My Life



After 1904 I stood outside of both the Social Democratic factions. I went through the revolution of 1905-1907 arm-in-arm with the Bolsheviks. During the years of the reaction, I defended revolutionary methods in the international Marxist publications against the Mensheviks. I still hoped, however, that the Mensheviks would move farther to the left, and I made several attempts to bring about a union in the party. It was not until the war that I became finally convinced of the utter hopelessness of the Mensheviks. In New York, at the beginning of March, 1917, I wrote a series of articles dealing with the class forces and perspectives of the Russian revolution. At that very time, Lenin, in Geneva, was sending to Petrograd his Letters from Afar. And both of us, though we were writing in different parts of the world and were separated by an ocean, gave the same analysis and the same forecast. On every one of the principal questions, such as the attitude toward the peasantry, toward the bourgeoisie, the Provisional government, the war, and the world revolution, our views were completely identical. Here a test of the relations between “Trotskyism” and Leninism was made on the very touchstone of history. And it was carried out under the conditions of a chemically pure experiment. At that time I knew nothing of Lenin’s stand; I argued on the basis of my own premises and my own revolutionary experience, and I drew the same perspective and suggested the same line of strategy as Lenin.

But perhaps the question was quite clear to everyone at that time, and the solution universally accepted? On the contrary; Lenin’s stand at that period, that is, before April 4, 1917, when he first appeared on the Petrograd stage, was his own personal one, shared by no one else. Not one of those leaders of the party who were in Russia had any intention of making the dictatorship of the proletariat the social revolution the immediate object of his policy. A party conference which met on the eve of Lenin’s arrival and counted among its numbers about thirty Bolsheviks showed that none of them even imagined anything beyond democracy. No wonder the minutes of that conference are still kept a secret! Stalin was in favor of supporting the Provisional government of Guchkov and Miliukoff, and of merging the Bolsheviks with the Mensheviks. The same stand, or rather an even more opportunist one, was taken by Rykov, Kamenev, Molotov, Tomsky, Kalinin, and all the rest of the leaders and half-leaders of to-day. During the February revolution, Yaroslavsky, Ordzhonikidze, chairman Petrovsky of the Ukrainian Executive Committee, and others were publishing with the Mensheviks at Yakutsk a paper called The Social Democrat, in which they expounded the most vulgar and provincial sort of opportunism. If those articles in the Yakutsk Social Democrat, edited by Yaroslavky, were to be reprinted to-day they would kill him as a political thinker, if such a death were possible for him. Such are the present guards of “Leninism.”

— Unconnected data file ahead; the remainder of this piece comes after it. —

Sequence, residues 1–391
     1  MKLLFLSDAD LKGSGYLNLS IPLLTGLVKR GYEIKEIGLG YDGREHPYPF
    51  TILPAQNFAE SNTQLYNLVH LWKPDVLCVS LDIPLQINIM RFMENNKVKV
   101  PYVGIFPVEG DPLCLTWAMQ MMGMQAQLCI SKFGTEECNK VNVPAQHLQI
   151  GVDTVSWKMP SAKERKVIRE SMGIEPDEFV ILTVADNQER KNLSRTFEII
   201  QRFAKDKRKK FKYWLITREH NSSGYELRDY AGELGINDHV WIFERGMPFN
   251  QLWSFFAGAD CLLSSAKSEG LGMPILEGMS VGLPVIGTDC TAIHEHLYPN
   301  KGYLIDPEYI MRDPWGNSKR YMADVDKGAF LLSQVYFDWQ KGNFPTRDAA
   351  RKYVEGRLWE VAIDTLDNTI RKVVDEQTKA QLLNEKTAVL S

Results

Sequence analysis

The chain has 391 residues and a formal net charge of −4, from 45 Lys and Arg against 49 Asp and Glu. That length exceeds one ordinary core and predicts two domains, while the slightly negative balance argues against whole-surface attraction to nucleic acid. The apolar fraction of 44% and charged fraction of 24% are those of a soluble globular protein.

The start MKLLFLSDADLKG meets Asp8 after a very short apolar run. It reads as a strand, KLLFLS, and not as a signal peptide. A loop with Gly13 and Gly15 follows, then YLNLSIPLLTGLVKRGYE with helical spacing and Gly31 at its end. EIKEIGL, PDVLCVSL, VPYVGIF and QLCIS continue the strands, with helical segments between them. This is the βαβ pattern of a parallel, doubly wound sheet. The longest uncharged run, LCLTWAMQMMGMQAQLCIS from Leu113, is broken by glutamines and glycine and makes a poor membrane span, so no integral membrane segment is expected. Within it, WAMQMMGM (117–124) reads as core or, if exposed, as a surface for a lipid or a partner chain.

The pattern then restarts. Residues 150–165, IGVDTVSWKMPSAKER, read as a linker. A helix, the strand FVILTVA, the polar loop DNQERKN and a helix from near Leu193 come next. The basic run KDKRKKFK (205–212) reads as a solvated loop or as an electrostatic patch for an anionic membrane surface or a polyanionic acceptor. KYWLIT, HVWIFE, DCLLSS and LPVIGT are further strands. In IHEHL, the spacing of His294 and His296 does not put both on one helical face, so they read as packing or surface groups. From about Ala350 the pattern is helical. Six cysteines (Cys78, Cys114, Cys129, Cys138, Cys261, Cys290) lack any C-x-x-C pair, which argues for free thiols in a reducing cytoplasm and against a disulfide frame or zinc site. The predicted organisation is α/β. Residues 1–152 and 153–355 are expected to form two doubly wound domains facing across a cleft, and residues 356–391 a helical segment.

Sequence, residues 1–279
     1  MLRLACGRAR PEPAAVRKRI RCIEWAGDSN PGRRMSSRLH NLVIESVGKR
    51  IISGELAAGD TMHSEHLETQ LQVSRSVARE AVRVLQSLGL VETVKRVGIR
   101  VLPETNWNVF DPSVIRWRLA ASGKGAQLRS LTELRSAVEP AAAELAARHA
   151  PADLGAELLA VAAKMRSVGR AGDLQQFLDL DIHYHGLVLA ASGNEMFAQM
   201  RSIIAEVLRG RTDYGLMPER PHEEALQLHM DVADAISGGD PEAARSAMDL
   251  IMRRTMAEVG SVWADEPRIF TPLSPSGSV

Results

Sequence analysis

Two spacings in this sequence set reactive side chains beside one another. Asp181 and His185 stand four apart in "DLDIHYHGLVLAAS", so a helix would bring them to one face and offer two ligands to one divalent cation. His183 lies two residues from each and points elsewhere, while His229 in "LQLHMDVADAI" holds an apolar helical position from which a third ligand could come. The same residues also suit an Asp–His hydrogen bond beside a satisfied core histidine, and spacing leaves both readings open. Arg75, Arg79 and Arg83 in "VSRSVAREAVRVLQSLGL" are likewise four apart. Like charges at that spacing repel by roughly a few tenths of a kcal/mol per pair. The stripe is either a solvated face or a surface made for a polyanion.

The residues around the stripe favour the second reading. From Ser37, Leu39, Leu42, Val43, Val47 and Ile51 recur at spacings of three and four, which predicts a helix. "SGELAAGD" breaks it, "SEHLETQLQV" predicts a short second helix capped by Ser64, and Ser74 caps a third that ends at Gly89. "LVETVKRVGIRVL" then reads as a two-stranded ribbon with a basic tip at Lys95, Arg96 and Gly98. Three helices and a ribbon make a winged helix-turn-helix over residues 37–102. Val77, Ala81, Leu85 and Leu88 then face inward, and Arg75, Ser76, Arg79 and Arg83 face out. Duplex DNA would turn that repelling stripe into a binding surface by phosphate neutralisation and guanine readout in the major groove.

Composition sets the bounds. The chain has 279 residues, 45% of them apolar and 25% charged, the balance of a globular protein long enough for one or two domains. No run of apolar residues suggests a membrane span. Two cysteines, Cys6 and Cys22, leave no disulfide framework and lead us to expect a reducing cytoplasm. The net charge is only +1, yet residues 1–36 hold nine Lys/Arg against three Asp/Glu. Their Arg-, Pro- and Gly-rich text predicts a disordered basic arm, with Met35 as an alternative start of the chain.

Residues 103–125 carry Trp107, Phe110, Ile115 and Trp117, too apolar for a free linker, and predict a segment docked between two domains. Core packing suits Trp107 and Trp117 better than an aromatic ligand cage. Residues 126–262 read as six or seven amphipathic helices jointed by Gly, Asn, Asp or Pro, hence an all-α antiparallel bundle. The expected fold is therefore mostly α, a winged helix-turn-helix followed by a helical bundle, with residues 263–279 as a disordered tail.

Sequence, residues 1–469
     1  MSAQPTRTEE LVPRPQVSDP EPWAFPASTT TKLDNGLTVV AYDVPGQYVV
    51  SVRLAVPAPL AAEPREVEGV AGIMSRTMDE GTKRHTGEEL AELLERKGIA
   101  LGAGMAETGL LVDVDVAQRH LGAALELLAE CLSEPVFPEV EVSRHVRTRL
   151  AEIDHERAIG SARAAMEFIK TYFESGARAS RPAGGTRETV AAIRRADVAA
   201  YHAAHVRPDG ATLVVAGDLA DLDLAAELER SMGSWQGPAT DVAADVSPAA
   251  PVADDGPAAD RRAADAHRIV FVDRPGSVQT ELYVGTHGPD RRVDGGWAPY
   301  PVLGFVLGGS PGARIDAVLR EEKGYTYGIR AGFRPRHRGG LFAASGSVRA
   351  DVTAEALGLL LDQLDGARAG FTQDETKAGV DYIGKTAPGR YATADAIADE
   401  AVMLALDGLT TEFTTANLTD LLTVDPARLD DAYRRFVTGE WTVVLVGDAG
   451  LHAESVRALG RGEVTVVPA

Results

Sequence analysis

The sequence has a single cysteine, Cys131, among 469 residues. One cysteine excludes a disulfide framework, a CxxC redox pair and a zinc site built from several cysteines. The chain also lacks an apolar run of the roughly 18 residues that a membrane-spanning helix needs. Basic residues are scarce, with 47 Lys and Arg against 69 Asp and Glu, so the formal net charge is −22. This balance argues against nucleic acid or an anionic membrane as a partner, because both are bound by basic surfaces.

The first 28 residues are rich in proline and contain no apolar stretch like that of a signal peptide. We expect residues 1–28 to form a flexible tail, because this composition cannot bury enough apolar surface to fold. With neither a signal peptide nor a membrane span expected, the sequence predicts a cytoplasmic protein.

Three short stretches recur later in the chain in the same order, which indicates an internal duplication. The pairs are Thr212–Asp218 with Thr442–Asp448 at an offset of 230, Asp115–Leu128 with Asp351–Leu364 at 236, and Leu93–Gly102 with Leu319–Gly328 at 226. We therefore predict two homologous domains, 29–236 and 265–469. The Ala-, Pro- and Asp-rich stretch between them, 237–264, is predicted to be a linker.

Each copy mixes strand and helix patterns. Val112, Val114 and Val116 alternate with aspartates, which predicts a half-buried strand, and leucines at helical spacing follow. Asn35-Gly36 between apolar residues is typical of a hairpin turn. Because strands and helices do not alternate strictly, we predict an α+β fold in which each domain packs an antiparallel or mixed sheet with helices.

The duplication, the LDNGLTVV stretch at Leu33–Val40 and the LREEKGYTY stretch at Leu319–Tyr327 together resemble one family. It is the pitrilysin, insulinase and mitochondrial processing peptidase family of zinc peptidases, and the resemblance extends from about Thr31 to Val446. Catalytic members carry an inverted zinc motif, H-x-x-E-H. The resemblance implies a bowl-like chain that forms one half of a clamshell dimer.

I realize, of course, that at various times in their lives they have repeated Lenin’s words and gestures after him. But the beginning of 1917 found them left to their own resources. The political situation was difficult. Here was their chance to show what they had learned in Lenin’s school and what they could do without Lenin. Let them name one of their number who arrived independently at the position achieved identically by Lenin in Geneva and by me in New York. They cannot name a single one. The Petrograd Pravda, which was edited by Stalin and Kamenev until Lenin’s arrival, will always remain a document of limited understanding, blindness, and opportunism. And yet the mass membership of the party, like the working class as a whole, was moving spontaneously toward the fight for power. There was no other path for either the party or the country.

In the years of reaction, one needed theoretical foresight in order to hold fast to the prospect of a permanent revolution. Probably nothing more than political sense was needed to advance the slogan of a fight for power in March, 1917. Not a single one of the present leaders revealed such a foresight or such a sense. Not one of them went beyond the point of view of the left petty bourgeois democrat in March, 1917. Not one of them stood the test of history.

I arrived in Petrograd a month after Lenin– it was exactly that long that I had been detained in Canada by Lloyd George. By that time, the situation in the party had changed substantially. Lenin had appealed to the masses against their sorry leaders. He had launched a systematic fight against “the old Bolsheviks who,” as he wrote in those days, “more than once have played a sorry part in the history of our party by repeating a formula, unintelligently learned, instead of studying the peculiar nature of the new and living reality.” Kamenev and Rykov tried to resist. Stalin silently stepped aside. Not one of his articles written about that period shows that Stalin made any attempt to estimate his previous policy and win his way to Lenin’s stand. He simply kept silent, because he had been too much compromised by his unfortunate leadership during the first month of the revolution: He preferred to withdraw into the background. He never made any public appearance to defend Lenin’s views; he merely stood back and waited. During the most responsible months of the theoretical and political preparation for the up rising, Stalin simply did not exist, in the political sense.